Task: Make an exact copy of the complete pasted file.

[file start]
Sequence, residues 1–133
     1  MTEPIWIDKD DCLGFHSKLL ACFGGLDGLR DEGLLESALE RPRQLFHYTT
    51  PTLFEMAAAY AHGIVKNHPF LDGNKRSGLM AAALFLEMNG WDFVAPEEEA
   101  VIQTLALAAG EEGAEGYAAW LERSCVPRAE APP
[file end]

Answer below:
Sequence, residues 1–133
     1  MTEPIWIDKD DCLGFHSKLL ACFGGLDGLR DEGLLESALE RPRQLFHYTT
    51  PTLFEMAAAY AHGIVKNHPF LDGNKRSGLM AAALFLEMNG WDFVAPEEEA
   101  VIQTLALAAG EEGAEGYAAW LERSCVPRAE APP